In his brilliant, funny book ‘In Pursuit of Butterflies: a fifty-year affair’, Matthew Oates calls the Purple Emperor ‘His Imperial Majesty’, as did the old entomologists.
The Purple Emperor butterfly is sometimes spotted in the MAVES area. On the Knepp Castle Estate, not far away, you can go on a guided 'Purple Emperor Safari' for a close encounter - so Mike and I did just that. A group of twelve set out on a hot July morning, guided by enthusiastic experts Neil Hulme and Matthew Oates, in an inspired wander round habitat areas of a wildness you'll rarely see in England today.
Knepp is an estate near Horsham, fifteen years into the process of being ‘rewilded’, and Purple Emperors love it. Their caterpillar food plant, sallow, springs up everywhere in what were once agricultural fields, and there are plenty of huge oaks, the other plant they need. In the course of the day I saw 20; the two guides saw 43.
Our day followed the butterfly’s day. In the morning we were hoping for a sight of it ‘sallow-searching’, or looking for newly hatched females (by smell) around big sallow bushes. Sallow-searching Purple Emperors were hard to see for long, though their big dark shape was easy to identify. They are larger and move faster than any other butterfly up there. I was often lagging behind when the leading people shouted out a sighting. Matthew and Neil had told us to freeze when one was seen – no-one did, but we tried to catch up and often did get a look. Another place to find them as the day went on was zig-zagging towards intoxicating sap runs from broken branches in big oak trees. We were told about this and duly saw one zig-zagging – more shouts.
Lunch was a wild picnic, under a tree by a mud wallow which a pig had just vacated. Pigs share the land with cows and horses, and their hooves break up the ground, making it ideal for sallow seed to germinate in, so the animals are part of the land’s new attractiveness for Purple Emperors.
Our afternoon return was by a different route, and we were looking in the tops of oak trees for Emperors doing what they do in the afternoon, displaying to attract females and aggressively defending territories. The sightings became more and more dramatic as we became more and more tired. Near the end, two having a dogfight, zipping and twisting close to each other in the air at incredible speed, were the revelation we had been waiting for. They seemed to go on fighting for at least half an hour and probably continued once we had gone. They are so aggressive that they attack birds, so a squawking bird arising from the canopy can tell you to look for a Purple Emperor. Neil and Matthew once spurred on a fighting pair by singing skinhead football chants.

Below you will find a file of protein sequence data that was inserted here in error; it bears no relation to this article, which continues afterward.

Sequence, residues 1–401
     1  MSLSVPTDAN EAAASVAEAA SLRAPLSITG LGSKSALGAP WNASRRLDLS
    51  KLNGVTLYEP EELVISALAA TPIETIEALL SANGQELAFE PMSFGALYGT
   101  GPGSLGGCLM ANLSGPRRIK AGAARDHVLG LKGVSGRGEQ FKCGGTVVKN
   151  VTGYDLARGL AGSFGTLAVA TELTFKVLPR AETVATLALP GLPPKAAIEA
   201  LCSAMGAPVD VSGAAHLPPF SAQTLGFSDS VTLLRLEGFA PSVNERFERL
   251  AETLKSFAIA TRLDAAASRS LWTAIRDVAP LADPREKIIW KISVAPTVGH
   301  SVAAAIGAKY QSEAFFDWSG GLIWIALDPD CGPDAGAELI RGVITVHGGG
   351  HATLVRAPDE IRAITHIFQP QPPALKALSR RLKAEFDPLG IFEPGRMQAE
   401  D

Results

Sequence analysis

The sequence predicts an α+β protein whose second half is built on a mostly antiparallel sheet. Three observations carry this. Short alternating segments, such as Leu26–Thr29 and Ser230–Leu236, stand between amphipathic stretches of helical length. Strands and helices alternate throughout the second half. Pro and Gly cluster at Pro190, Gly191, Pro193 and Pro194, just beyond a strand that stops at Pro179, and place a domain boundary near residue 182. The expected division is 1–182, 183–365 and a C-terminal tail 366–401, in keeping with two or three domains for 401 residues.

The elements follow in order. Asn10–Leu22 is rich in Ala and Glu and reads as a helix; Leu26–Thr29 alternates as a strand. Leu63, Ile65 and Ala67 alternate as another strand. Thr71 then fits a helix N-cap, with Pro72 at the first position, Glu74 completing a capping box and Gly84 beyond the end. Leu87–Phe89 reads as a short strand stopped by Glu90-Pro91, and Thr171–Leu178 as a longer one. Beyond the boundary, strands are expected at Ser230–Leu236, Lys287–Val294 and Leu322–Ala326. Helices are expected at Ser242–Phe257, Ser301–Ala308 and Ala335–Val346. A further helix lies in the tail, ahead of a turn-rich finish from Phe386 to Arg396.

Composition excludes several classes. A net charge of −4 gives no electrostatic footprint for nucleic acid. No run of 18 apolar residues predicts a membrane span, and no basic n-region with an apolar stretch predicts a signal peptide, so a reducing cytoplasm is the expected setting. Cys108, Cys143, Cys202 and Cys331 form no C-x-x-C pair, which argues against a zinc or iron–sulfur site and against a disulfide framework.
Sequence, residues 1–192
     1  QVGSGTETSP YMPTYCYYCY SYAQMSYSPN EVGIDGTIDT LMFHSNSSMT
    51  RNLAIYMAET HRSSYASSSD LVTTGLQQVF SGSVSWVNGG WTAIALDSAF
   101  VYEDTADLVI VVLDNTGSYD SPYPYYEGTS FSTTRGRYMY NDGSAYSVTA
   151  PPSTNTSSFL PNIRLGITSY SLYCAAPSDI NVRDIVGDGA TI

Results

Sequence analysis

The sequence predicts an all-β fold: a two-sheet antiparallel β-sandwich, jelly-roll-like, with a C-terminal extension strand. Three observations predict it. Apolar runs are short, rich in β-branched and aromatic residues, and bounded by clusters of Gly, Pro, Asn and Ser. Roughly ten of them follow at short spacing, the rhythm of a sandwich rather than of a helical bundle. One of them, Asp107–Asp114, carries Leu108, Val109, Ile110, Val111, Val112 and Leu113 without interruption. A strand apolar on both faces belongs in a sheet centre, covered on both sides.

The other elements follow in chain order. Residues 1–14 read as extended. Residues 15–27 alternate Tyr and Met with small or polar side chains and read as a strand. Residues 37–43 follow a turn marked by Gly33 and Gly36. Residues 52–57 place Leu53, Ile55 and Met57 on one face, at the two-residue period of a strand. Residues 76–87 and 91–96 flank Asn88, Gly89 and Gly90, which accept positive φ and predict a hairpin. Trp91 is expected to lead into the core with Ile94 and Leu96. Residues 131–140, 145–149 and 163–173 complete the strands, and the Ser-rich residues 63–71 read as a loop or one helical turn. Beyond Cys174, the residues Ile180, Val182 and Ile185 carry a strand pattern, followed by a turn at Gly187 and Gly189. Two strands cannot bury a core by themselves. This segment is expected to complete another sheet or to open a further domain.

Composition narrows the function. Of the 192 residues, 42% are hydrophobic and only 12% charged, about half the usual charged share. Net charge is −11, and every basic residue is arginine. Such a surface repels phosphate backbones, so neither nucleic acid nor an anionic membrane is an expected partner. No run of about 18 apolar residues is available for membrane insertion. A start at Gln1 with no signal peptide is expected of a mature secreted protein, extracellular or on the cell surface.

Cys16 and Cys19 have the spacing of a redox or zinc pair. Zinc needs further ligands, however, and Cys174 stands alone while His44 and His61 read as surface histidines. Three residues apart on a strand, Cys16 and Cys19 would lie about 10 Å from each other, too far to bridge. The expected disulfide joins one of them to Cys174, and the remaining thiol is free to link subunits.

There were many other revelations, as when at last I got binoculars fixed on one in the canopy with his wings open. The ‘purple’ is not a pigmented colour but an iridescence effect which happens if the sun catches the wing cells at the right angle. I could not see purple in that intimate moment, but the black and white were splendid in themselves. Matthew’s book relates watching them fighting from above, in a cherry-picker, when the flashing purple is very visible.
So what is known about the Purple Emperors in the MAVES area? Someone living within Binsted Woods once found a dead one in a drawer! They were recorded in past surveys, and people who walk regularly on the public rights of way that crisscross the area do occasionally see them in high summer. Mike and I went out to look for them the next day, another hot morning. We didn’t see any, but then they do tend to stay high up above the highest trees, unless there is an energy-rich fox scat to tempt them down ...